Every year at the beginning of June and until Father’s Day, I’m very aware of people’s curiosity—sometimes born out of anxiety—and attention to the fact that my kids have two moms. People wonder two things: Is Father’s Day reserved for me or my former partner? And what do the kids do for Father’s Day?
The answers are no. And nothing.
My kids’ biological mama feels very much a mother and wants to be celebrated on Mother’s Day. Before I identified as nonbinary and changed my pronouns from female to gender neutral ones, I identified as a mother too. I still do. Hearing my kids call me mama carries so much affection that unless I am writing about myself and using that “feminine” word to describe myself, it is just a term of endearment. While I am both female and male, I have never called myself a father and I won’t. And short of making a classroom gift for their Pop-Pop, my kids don’t put too much stock into Father’s Day because they don’t have a father; they have a sperm donor. But with their creation came the possibility that someday they might meet someone they call Dad.
While I don’t think that a child needs both a mother and father to have a healthy, well-adjusted life full of love, I do believe kids need answers. And when looking at the sperm donor options on the website of a reputable cryobank, my partner and I narrowed the search to donors who were willing to meet the offspring their DNA helped to create. They are called open donors. They are men who remain anonymous until a child created with the use of his sperm requests to meet him. He may always remain anonymous, though. My children may never want to meet the man who added a layer of foundation when building our family. But I wanted them to have the option.
Growing up, navigating life, and figuring out who we are is hard enough without feeling like we don’t have the information that makes us complete. I am not saying a child with same-gender parents is at a disadvantage or in any way incomplete. Not at all. In fact, studies show that students with same-gender parents do just as well as those with different-gender parents. But the truth is that babies are made with a sperm and an egg, and my kids know we needed sperm to make them. I knew there was a chance they would want to know the person who provided that piece of the equation. I didn’t want any of my kids to feel like they had to search too long outside of their home and community to put a face to the one they see reflected back in the mirror.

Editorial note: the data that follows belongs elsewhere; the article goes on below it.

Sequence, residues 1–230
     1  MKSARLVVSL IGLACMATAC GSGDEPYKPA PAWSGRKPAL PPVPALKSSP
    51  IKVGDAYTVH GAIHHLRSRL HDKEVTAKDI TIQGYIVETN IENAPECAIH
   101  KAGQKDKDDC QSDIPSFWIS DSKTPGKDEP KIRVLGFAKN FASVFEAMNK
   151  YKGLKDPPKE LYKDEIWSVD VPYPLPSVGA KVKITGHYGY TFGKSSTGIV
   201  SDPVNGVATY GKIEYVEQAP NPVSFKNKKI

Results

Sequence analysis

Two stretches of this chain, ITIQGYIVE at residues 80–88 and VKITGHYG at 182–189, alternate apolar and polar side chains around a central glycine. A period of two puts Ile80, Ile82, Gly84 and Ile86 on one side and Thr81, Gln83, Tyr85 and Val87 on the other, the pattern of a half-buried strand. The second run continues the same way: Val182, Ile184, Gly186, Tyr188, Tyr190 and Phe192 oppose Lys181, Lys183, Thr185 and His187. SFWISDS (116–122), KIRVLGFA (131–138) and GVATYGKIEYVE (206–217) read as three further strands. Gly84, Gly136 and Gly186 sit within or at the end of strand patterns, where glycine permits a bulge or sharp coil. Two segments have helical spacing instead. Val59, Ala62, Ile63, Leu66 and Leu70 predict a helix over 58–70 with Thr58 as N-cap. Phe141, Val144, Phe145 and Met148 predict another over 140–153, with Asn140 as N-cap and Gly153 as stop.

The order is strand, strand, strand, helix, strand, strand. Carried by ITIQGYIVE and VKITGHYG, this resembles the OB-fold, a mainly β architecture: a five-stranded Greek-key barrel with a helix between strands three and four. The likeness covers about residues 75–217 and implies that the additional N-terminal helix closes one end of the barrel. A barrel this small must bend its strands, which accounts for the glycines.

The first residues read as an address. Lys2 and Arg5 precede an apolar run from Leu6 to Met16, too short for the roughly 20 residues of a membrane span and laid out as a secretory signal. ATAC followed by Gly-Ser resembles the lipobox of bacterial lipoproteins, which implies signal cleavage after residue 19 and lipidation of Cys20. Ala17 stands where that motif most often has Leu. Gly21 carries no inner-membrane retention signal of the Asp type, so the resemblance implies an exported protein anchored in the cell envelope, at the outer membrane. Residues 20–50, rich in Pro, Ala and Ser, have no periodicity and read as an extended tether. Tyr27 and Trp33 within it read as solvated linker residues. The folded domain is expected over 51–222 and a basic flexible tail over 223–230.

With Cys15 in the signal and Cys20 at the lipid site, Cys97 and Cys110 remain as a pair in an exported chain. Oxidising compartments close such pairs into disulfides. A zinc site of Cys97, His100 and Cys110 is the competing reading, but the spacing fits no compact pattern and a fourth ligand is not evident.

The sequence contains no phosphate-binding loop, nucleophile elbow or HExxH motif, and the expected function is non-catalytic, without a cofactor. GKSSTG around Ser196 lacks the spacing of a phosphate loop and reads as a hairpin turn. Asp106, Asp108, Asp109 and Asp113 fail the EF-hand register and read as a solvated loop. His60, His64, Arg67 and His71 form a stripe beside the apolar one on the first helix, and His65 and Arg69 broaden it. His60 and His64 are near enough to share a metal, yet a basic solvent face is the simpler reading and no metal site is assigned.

Wondering what pieces of you are from your biological parent is natural, especially if some of your features or quirks or talents don’t match those of anyone else in your house. If my kids felt any disconnect because of unanswered questions, then it seemed like my responsibility to provide those answers if I could. Having an open donor means having options, not inadequacies. It also means my role as their parent may be enhanced—if all goes well, of course—by the role their sperm donor could play if one or all of my kids choose to meet him. That’s another thing: the rule is that when the offspring turns 18, they can contact the cryobank. The bank then contacts the donor and a first meeting is set up. After that, it is up to the donor and offspring to maintain contact if desired.
There is a chance my oldest child doesn’t want to meet him. Or she will, and then information can be passed down before her siblings reach that 18 year mark. There is a chance one of my twins won’t want to meet him. My kids have donor siblings, and there is a chance some or all of them won’t want anything to do with this. Within the group of six very close siblings who share DNA from a man we have never met, there will be some who want to keep it that way and some who may want to expand our family. Those are relationship boundaries we will need to establish and respect.
I have arrived at a place where I don’t feel threatened by the idea of my kids gaining a positive relationship with their sperm donor. There is also a chance that relationship could become one that does make them think of a dad, their dad, on Father’s Day.
It’s interesting to me, but not surprising, how people get uncomfortable when they find out my kids don’t have a dad. I know it’s because it is ingrained in our heteronormative society that families not consisting of a mom, dad, marriage, and 2.5 kids isn’t normal. Even the most tolerant and accepting people view my family as “different,” and worry or assume that their “normal” will make me or my kids feel less than. I promise you, we are fine. And my kids don’t think yours are any less than for being so “normal.”
Having a house with both a mom and a dad doesn’t mean a child has the security, love, and parenting team they need. And having a house without a dad doesn’t mean they don’t have those things. And not having a dad doesn’t mean one might not show up someday.